You know, if you tried to write bad guys as totally, utterly evil as the Nazis into a secondary world fantasy . . . you couldn’t do it. I truly don’t believe you could. I’ve been thinking about how I might try to do that, and honestly, your readers just wouldn’t believe in your villains. The Nazis were simply beyond belief.
We see this every time we get reminded about what they actually were like, what they did. Remember the first time you saw Shindler’s List? I do. Because it is a great story and a great movie as well as a history lesson, it sticks with the viewer. Or it did with me.
And I expect I’ll remember the first time I read Rose Under Fire by Elizabeth Wein.
This is a great story. That’s essential. But it’s definitely also a history lesson; an important one in this era when – it seems to me – young people (and some not so young) have basically forgotten all about WWII and the Nazis. They know the names, but they have forgotten what the Nazis were like. That’s why people can throw around the Nazi accusation and the Hitler comparisons so freely: because they have no idea what they’re saying.
Has any group ever been as purely, comprehensively, calculatedly evil as the Nazis? Not even ISIS, probably. The ISIS thugs practice slavery and rape, torture and murder. They’re definitely evil. But tying down little girls, splitting open their legs, packing the wounds with gangrene, and leaving the wounds untreated for weeks to see what happens? I doubt that would ever occur to them, if only because I doubt they have any conception of rational thought. That sort of thing takes a . . . peculiar veneer, shall we say . . . of rationality.
Maybe North Korea comes close? They’ve got the death camps, but even they (probably) don’t do sadistic medical experiments on young teenage girls. Do they? Dear God, I hope they don’t.
So, the Nazis. The heart of Rose Under Fire is the concentration camp of Ravensbrück, and in particular the Polish “Rabbits.” These were the girls and women used in those experiments. Despite this, this story is not just a compelling read, it is actually uplifting. The bravery of the women at Ravensbrück is as astounding as the evil of the Nazi doctors and the concentration camp guards. Those women never gave up. I mean, of course some did. But as we see in the story, others hid the Rabbits, shared their bread when they were starving, and made continual tiny gestures of defiance. And huge gestures of defiance, sometimes – smuggling the Rabbits out to (slightly) less awful camps and propping dead women up in their places during roll call to get the count to come out even, for example.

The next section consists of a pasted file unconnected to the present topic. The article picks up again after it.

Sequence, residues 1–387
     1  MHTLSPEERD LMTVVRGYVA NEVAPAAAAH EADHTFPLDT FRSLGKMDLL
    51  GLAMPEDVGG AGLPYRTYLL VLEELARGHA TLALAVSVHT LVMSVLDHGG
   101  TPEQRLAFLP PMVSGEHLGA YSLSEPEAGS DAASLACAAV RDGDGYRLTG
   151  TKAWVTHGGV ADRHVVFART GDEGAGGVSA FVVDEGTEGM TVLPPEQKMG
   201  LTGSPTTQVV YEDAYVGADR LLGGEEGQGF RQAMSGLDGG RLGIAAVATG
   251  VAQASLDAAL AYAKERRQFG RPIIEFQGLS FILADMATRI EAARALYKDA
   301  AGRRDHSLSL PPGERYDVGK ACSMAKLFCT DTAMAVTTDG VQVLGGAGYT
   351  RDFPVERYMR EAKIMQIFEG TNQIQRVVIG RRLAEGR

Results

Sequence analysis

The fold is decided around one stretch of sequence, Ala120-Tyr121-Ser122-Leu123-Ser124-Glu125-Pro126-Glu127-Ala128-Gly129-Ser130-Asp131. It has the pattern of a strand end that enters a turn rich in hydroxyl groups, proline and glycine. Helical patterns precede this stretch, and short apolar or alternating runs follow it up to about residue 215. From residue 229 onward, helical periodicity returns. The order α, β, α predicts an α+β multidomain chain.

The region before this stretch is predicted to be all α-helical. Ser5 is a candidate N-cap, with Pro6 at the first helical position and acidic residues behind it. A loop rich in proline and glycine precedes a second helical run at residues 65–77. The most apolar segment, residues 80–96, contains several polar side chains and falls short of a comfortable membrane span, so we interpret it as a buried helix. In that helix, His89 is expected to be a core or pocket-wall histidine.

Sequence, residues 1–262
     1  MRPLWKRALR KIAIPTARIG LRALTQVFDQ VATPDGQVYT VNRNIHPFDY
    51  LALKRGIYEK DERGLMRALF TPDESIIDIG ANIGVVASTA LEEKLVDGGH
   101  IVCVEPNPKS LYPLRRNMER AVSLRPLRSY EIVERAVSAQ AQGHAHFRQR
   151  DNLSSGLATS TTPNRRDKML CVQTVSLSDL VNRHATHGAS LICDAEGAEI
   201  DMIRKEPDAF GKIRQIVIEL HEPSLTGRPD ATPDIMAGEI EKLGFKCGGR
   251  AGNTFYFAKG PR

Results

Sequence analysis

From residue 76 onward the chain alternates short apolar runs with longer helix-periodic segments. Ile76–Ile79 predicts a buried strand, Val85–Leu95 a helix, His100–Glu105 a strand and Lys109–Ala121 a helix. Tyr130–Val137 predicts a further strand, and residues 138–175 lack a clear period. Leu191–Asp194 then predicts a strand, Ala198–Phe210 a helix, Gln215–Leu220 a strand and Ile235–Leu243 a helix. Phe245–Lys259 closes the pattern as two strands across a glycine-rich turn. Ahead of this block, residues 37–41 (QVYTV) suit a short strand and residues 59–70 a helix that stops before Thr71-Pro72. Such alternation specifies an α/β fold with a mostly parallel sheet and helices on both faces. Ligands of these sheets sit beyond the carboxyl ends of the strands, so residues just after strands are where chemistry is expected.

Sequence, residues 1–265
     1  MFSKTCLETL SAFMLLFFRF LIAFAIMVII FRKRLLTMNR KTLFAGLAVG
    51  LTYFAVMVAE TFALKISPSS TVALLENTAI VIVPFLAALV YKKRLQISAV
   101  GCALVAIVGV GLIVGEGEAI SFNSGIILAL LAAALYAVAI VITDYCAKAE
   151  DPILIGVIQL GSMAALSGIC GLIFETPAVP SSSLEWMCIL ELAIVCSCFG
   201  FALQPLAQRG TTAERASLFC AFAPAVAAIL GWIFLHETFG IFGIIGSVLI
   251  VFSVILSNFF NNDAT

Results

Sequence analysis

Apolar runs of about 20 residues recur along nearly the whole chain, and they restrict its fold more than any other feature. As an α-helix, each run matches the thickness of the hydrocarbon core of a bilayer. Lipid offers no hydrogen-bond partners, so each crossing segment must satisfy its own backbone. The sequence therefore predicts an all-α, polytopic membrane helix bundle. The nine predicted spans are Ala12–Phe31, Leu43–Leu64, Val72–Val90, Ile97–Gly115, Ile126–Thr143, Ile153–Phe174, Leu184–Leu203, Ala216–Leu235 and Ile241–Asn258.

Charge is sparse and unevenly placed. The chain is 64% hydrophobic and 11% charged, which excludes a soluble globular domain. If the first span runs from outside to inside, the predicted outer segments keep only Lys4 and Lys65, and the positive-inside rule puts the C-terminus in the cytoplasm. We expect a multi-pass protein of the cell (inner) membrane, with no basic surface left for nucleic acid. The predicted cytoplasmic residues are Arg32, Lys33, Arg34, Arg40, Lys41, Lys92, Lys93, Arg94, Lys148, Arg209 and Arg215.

Though the story is definitely centered around Ravensbrück and the Polish Rabbits, it is not a documentary. Like Code Name Verity, Rose Under Fire has one primary narrator who tells its story in epistolary form.
Rose is a young woman pilot, an ATA pilot who loves poetry. She’s American; she had a really nice childhood with a close-knit family and a father who owns a flight school, so she’s been flying since she was, like, twelve. Her job is to ferry new and repaired planes to the airfields where they’ll be used by the fighter pilots. She came to England specifically to help with the war effort. And she’s terrified of buzz bombs.
Buzz bombs are an important element in Rose Under Fire, partly because it’s after Rose spots one in the air and successfully tips it – makes it stall – that she gets lost, is spotted by German fighter pilots, and is captured. She winds up in Ravensbrück shortly after that. And because of the epistolary format of the story, when Part II opens, the first thing we find out – thank God – is that she survives. Because she couldn’t write anything much while she was in the concentration camp, so when she picks her notebook back up, it’s after everything is over.
This is a huge plus for the reader, as you might imagine. No matter how grim the rest of the story gets, you know Rose is going to escape. And she does. But along the way, Ravensbrück comes to life for the reader. Rose herself, of course, already has. She is such a beautifully drawn protagonist. Brave, but not unbelievably brave. Self-sacrificing, but not unbelievably noble. Honest, but not unbelievably self-aware – she is as capable of fooling herself as anyone.
They [starving women] were so far from being human that at first it didn’t even occur to me they could be fellow prisoners – I thought they must be hobos who had crawled in off the train tracks. God knows what I thought! Your brain does amazing acrobatics when it doesn’t want to believe something.